Wait a minute! What I meant was one of my prints has been accepted into the Open Contemporary exhibition at Stockport Art Gallery. I’m dead chuffed! It is called ‘I can’t afford Campbells by Austerity Warhol’ and features a tin of Morrisons tomato soup from their cheap Value range. The preview is next Friday (26th July) so, as Denis has pointed out, I’ll need the flat cap!
I don’t know if it was my trip to the After Hours session organised by MDP at the Whitworth last Saturday, but I’ve been aware of more marketing stuff on Twitter or other social media. I’ve mentioned Lori McNee before. She has some excellent ideas both in producing the art work itself and then selling it.
There are two others I have come across recently. Firstly, Gary Bolyer Fine Art also has some good marketing ideas. I particularly liked his article ‘How to Sell Art Online: The Secret Sauce’ which developed the concept of starting and developing relationships online, mainly through an emailed newsletter. This seems an interesting approach. As Gary says, “There’s lot of ways to get the relationship started, to get people to sign up for your email newsletter. One way is to put a page on your site that advertises and promotes your newsletter. Offer something free (like an ebook or report or coupon) in exchange for their email address. Like I said, there are lots of ways to get the relationship going with someone. But this is how many people do it very successfully.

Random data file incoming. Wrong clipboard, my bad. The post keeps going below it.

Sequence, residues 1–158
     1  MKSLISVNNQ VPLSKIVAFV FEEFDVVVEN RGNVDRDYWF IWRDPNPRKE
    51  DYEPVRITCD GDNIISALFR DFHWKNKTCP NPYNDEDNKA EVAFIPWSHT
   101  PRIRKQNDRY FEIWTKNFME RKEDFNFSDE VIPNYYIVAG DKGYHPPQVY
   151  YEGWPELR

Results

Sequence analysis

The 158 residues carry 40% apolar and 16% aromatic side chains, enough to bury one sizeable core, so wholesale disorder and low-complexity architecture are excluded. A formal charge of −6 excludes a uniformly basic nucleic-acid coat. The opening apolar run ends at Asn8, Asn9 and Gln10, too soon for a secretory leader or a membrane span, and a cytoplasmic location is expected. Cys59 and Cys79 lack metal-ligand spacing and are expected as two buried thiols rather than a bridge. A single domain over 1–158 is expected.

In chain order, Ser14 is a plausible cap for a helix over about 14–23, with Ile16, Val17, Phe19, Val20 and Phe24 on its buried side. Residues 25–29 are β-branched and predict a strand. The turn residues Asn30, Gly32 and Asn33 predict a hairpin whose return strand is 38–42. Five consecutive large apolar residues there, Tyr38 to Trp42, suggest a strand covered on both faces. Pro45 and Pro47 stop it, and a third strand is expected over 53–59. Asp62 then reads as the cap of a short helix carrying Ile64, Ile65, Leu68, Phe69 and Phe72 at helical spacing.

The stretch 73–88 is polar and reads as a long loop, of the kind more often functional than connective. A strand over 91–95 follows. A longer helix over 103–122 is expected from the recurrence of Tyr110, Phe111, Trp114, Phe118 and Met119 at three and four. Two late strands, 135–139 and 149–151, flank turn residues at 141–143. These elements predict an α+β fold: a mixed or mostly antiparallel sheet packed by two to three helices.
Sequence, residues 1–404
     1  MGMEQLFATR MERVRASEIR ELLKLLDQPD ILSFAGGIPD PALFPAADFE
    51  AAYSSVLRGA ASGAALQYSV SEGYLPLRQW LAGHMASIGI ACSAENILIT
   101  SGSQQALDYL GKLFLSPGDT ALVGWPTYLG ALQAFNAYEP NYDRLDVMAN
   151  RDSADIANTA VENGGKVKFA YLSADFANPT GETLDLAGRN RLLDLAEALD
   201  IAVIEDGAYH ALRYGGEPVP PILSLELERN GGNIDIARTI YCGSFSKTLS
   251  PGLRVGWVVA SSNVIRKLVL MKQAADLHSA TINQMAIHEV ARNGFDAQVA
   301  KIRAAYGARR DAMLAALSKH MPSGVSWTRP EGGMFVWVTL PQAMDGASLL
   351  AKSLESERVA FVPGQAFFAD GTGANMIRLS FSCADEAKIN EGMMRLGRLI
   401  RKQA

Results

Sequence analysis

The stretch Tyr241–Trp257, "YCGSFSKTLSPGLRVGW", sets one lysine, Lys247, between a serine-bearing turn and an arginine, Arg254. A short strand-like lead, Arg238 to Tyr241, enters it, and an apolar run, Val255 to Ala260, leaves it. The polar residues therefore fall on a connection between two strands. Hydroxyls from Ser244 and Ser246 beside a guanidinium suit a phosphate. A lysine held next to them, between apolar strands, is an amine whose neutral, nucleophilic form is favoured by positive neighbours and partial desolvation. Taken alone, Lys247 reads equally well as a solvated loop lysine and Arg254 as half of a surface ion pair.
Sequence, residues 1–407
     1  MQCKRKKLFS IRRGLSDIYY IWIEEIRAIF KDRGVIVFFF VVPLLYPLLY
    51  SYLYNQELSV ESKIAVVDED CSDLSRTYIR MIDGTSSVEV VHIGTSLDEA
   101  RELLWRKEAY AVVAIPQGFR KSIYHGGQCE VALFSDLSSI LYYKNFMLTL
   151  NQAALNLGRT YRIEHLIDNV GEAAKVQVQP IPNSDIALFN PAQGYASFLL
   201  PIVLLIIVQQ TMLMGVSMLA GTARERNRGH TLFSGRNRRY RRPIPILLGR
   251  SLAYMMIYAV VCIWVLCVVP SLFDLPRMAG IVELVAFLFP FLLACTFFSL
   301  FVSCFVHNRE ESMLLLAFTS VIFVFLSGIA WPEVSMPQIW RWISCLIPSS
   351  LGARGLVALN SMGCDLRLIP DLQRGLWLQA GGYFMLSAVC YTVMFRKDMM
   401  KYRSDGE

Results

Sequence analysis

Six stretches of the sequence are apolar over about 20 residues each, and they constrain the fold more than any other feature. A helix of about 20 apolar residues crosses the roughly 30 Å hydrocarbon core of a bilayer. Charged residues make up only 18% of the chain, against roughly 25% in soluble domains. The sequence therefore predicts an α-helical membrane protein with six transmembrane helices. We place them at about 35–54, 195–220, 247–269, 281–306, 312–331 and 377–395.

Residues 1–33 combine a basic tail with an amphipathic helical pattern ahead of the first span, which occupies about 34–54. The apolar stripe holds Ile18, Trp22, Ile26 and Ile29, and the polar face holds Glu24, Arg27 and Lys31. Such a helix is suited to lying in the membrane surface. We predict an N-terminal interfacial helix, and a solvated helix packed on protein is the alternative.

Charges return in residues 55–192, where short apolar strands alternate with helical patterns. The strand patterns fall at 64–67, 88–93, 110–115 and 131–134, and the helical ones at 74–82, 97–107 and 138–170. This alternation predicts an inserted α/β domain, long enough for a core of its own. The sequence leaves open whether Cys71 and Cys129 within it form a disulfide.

“Once you have the person’s name on your list, then you must continue to grow the relationship. You must send her emails on a regular basis. If you don’t write your new friend often, she will soon forget who you are. Don’t abandon her. Don’t neglect your new friend. Keep in touch with her often and let them know what you’re up to. She will reward you by buying your products or services.”
I came across an alternative approach today from Barney Davey, who looks a little near home for his sales. “The most affordable marketing and easiest sales are to people who know you, but you still have to tell them you are actively selling art… A credible estimate is most artists can make about 1,000 originals in a lifetime. For instance, making 33 pieces per year over a 30-year career will get you 999 originals. Your mileage may vary. If you build a loyal collector base of 100 direct buying patrons, they can conceivably be responsible for purchasing a third or more of your oeuvre.”
I’ve signed up for Associate Membership with Mark Devereux Projects, who ran the After Hours session at the Whitworth. I’ll let you know how it goes.